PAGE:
I’m convinced that a re-elected Barack Obama, even if he’s lucky enough to enter a second term with a narrowly Democratic House and Senate, will be no better than he was in his first term. He has already stated that he will seek a “grand compromise” on the budget — a code word for slashing the last key elements of the New Deal — Social Security and Medicare — as well as other key social programs, while raising taxes, inevitably, on ordinary people, to gain the support of Republicans in Congress. And his careful avoidance of any word about climate change in his campaign has left it so that, if elected, he will have no mandate for action on that most critical front.

Sure, a President Romney, particularly if handed a Republican-led Congress, would do some dreadful things, for example installing several more troglodyte Justices on the Supreme Court, and slashing social program spending while expanding the military. These would be terrible things, but they would be terrible things that a majority of Americans would oppose, and there’d be no confusion about taking action. The problem with having someone like Obama as president is that, like Clinton before him, he is able to confuse and neutralize progressive opposition to his regressive and reactionary policies because he is seen as “our” guy in the White House. The damage done by such treacherous Democrats has been incalculable. (Think: it was not Reagan or George H.W. Bush who “ended welfare” and fatally undermined habeas corpus. It was Clinton. And it was not George W. Bush who began killing Americans by presidential order or who began a campaign of drone warfare anywhere in the world. It was Obama. It was not Reagan or the Bushes I and II who deregulated the banks. It was Clinton. And it was not G. W. Bush who refused to prosecute the bankers who destroyed the US economy and then pillaged the middle class. It was Obama.)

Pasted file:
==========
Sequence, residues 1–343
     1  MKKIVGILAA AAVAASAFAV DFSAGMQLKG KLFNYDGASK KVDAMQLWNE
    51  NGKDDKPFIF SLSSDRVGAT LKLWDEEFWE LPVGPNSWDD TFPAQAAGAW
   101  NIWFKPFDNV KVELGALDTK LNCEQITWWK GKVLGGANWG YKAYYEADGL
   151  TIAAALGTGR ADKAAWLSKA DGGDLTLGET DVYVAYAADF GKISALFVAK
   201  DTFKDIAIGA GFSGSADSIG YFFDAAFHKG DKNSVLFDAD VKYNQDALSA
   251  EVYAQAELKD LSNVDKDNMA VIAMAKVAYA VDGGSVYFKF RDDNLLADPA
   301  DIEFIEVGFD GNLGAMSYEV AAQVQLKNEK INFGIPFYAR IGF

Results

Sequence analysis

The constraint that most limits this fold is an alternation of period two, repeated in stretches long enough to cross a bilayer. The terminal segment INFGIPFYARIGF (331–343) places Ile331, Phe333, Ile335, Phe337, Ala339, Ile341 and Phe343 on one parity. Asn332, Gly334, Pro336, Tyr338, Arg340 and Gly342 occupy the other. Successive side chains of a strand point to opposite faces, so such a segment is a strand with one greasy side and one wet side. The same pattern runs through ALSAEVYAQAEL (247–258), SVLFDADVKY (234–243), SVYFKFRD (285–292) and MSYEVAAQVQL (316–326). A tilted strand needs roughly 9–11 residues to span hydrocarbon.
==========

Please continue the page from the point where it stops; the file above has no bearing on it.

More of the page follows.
Look, I know Obama has done some good things as president — things John McCain would not have done and that Mitt Romney would not do. He did sign the Lilly Ledbetter Act, as he keeps saying ad nauseum, but let’s get real — that was not a law requiring that women get equal pay for equal work. It was just a law saying that the deadline for them to file suit over unequal pay would have to be within six months of their learning about being paid less than men, not six months after the employer began discriminating on pay. And sure he said he supports gay marriage and the right of women to have contraceptives covered by their health insurance. But these are really small things in the larger scheme. What good is the Ledbetter Act if women and men cannot organize a union to fight for equal pay? And what good is equal pay if the policy of the government is to ratchet down everyone’s wages? What good is gay marriage when marriages are failing at unprecedented rates because of the financial stresses we all face? What good is contraceptive coverage if nobody can even afford health insurance? The whole approach of Obama, again like Clinton before him, has been to be a corporatist and a warmonger while tossing supporters a bone or two that the corporate bankrollers and the military industrial complex don’t care about. That’s not a progressive president and it’s not progressive politics. It’s rank deception and an insult to everyone who votes for the Democrats and their presidential candidates.

I’m voting Green for Jill Stein to strengthen the idea of a national third party on the left, and to help build a base for sustained organizing and protest, and if in the end Romney wins the presidency, I’ll accept that as part of the challenge of building a new left movement in America.